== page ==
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Lisa Conant

5 CTNewsJunkie Reader Endorsements

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Party: Democrat

CEP Status:


Age: 51

Marital Status:

Current Residence: Coventry

Current Job: Grants & Contracts Specialist, University of Connecticut

Previous Job: Grants Coordinator, The Jackson Laboratory

Previous Job: Planning Analyst, Community Renewal Team

Education: BA, UConn

Facebook: Lisa Conant





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Why are you running for this office?
I'm running because I love Coventry, and I want the tremendous progress that we've made with our schools, our businesses and economic assets, and sensible stewardship of our environment and rural character to continue to grow. I believe that we can only thrive as a community if we work together, listen and respect each other, even if we disagree on methods and represent different political parties.
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What is the most pressing local issue facing your community and how would you solve it (within the capacity of the office for which you are running)?
Aside from addressing the potential (and unfortunately) probable negative impacts of the state budget on our town, we must find a solution, and quickly, for people dealing with crumbling foundations. This problem is catastrophic to homeowners faced with it and is hurting everyone in eastern Connecticut - even those homeowners who aren't directly affected are seeing their property values drop. And now there is a possibility that the problem is more widespread than just private home foundations - septic systems and public properties (culverts, public building foundations, etc.) may also be crumbling.
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With the state's ongoing budget crisis looming over the election, what are your plans for your community's budget? Is there anything you can do make your town less dependent on revenue from the state?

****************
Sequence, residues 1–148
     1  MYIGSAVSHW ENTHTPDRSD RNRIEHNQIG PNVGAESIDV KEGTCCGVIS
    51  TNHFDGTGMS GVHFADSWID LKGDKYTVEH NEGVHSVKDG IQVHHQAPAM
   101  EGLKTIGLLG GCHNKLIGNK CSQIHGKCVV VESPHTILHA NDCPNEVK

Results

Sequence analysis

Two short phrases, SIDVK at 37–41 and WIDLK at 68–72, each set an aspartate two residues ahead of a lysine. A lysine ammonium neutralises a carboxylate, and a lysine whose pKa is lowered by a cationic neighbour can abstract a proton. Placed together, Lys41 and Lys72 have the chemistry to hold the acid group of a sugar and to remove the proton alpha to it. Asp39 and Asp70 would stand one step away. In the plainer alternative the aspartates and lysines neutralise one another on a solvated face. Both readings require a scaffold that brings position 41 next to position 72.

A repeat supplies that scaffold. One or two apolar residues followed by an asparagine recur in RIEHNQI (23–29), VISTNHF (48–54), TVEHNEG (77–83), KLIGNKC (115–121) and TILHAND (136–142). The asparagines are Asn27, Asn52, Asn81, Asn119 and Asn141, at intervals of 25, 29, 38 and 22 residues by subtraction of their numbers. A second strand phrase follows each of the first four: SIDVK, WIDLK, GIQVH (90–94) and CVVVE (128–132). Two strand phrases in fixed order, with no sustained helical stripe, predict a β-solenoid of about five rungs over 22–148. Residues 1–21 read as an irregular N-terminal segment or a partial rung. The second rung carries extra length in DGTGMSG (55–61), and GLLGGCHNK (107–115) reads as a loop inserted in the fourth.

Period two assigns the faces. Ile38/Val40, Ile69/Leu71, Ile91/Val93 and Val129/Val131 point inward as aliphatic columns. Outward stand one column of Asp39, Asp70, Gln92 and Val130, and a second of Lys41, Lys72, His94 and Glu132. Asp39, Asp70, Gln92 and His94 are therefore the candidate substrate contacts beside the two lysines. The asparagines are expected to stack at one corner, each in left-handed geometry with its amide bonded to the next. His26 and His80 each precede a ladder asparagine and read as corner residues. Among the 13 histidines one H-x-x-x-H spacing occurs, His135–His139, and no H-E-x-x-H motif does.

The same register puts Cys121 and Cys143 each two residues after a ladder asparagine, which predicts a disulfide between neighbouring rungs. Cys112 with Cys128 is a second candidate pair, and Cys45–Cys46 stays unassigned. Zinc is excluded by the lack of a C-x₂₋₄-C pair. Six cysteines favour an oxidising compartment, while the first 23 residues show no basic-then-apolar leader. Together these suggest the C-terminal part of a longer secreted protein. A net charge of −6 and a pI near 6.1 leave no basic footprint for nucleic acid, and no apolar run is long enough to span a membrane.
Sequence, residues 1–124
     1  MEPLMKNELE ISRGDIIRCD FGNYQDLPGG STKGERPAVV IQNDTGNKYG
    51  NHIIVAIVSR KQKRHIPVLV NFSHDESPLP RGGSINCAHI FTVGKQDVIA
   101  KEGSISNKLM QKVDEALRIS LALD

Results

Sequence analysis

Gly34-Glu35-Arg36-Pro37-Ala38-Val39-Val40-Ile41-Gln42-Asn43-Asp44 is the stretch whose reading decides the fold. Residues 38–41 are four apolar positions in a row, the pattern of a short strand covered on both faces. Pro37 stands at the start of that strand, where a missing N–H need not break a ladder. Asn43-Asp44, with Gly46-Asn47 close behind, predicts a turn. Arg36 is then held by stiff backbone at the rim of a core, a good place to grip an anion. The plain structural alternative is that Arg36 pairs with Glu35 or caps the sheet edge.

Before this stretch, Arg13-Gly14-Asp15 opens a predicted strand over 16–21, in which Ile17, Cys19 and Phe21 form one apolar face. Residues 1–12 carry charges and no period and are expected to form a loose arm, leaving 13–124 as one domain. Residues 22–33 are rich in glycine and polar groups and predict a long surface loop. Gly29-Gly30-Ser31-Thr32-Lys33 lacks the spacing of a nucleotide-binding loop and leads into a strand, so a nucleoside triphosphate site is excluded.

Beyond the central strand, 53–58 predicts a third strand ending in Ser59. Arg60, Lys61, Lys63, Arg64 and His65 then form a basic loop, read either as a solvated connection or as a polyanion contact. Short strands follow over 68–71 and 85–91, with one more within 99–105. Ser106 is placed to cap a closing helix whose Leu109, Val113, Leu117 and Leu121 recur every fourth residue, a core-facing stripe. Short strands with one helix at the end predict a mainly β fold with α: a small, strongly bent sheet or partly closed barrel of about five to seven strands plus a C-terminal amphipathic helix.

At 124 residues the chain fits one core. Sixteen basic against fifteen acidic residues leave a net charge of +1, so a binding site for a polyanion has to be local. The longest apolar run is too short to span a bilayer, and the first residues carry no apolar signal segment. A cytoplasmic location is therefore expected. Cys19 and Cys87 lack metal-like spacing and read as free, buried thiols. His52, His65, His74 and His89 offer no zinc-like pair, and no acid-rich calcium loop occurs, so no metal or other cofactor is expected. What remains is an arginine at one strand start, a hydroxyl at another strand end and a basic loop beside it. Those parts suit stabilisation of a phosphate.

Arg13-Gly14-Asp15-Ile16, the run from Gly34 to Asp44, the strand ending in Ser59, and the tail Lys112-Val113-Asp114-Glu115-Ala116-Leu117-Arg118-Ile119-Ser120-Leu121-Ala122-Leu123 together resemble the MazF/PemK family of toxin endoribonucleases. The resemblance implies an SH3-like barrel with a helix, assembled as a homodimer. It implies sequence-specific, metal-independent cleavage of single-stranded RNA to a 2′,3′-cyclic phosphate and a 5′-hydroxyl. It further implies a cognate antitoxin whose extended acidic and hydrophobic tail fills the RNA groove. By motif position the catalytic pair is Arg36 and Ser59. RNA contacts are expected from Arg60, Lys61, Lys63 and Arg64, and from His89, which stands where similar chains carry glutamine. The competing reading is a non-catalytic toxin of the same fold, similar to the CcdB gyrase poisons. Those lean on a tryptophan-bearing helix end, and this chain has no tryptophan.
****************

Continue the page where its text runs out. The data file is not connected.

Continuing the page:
We MUST continue to explore, develop and encourage economic development opportunities that will expand local revenue streams. Coventry has an abundance of assets that can and should be leveraged, including our proximity to UConn, wonderful historical landmarks and architecture dating back to colonial times, a beautiful landscape, many working farms, and long-established destination businesses, events and attractions, such as the Coventry Regional Farmers' Market. I firmly believe that we can grow our town economically while preserving the rural character that defines Coventry through sensible planning and zoning decisions.
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The legislature has been debating various ideas to allow towns to raise revenue locally through something other than property taxes. If you could ease your residents' property tax burden by adding another method of taxation, is there anything you might consider for your town?
The state's budget issues have been building for many decades without being addressed, and we can't simply tax and cut our way out of this problem in a year or two without devastating our residents' personal budgets and the municipal services provided to them. Property taxes by their nature are a regressive form of taxation that impacts people with lower incomes much more than those with higher incomes. I believe that progressive tax reform combined with sustained and well-planned economic development, rather than additional taxes, would be a healthier long-term response to raising local revenue and easing the burden on families and seniors.
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Are you in favor of regionalizing more services in conjunction with other nearby communities? If so, which ones?
Regionalization takes advantage of economy of scale by eliminating duplication of services. If it could be done thoughtfully and efficiently without inconveniencing or diminishing quality of service to our residents, I would be in favor of working with other communities. With that said, however, there are many municipal services (such as education and public safety) that are best kept within local control.
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Should your school district get the same amount of education funding from the state if your district's enrollment is dropping?
Yes. Coventry has only four schools in addition to its preschool program - grades K-2, 3-5, a middle school, and a high school. In the 23 years I've lived in town, enrollment has never dropped to the point of it being cost-effective to close one of them, and the physical facilities all still need to be operated and maintained regardless of enrollment fluctuations. Other fixed costs continue to rise. Additionally, Coventry's per-pupil funding from on the state is on the low side; our system has worked miracles with the funding it has received so far, but once cut, this funding is difficult to get back.
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What's one thing most people don't know about you?
I'm a policy and a history nerd. I also worked for a municipality (Manchester, CT) for eight years on both the town and the board of education sides, so I'm familiar with what works and what the challenges are for local citizens.